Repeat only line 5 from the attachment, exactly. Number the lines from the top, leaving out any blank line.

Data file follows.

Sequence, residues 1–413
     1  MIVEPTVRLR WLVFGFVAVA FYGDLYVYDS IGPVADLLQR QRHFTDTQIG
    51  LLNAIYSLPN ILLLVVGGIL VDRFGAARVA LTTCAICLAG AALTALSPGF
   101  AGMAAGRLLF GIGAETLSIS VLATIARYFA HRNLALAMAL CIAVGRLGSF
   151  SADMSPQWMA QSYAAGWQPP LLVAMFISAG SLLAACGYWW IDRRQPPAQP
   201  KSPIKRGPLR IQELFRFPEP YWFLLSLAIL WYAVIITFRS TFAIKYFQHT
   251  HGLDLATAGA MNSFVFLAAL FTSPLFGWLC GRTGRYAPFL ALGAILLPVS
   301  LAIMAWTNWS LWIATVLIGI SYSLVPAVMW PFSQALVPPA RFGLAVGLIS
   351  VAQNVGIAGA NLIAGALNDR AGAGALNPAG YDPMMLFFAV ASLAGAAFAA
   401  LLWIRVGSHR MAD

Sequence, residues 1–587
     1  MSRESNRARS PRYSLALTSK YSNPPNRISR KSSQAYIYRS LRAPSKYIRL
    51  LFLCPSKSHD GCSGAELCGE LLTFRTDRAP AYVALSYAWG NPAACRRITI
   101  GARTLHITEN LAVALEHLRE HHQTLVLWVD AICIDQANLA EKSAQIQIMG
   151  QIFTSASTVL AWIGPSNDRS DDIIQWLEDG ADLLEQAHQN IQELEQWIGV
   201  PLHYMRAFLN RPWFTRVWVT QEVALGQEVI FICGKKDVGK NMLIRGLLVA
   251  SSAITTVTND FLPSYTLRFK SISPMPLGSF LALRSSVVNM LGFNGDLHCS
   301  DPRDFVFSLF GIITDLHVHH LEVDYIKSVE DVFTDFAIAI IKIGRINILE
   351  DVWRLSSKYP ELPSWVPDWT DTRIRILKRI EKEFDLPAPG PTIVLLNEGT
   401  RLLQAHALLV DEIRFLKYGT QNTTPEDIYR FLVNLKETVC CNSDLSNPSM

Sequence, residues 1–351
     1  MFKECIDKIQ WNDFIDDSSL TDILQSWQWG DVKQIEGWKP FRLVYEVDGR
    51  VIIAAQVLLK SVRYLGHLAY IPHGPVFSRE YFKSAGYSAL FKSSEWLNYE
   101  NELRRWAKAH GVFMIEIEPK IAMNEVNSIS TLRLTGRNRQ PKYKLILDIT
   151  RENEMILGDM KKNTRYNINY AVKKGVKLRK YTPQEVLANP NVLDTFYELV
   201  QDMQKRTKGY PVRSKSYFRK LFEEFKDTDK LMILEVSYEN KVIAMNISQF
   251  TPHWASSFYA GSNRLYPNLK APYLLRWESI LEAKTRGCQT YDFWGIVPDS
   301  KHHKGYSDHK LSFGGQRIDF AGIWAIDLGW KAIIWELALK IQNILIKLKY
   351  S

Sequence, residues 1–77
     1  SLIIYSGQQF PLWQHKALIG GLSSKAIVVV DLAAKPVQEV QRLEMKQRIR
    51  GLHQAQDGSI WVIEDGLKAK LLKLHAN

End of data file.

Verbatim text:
   151  SADMSPQWMA QSYAAGWQPP LLVAMFISAG SLLAACGYWW IDRRQPPAQP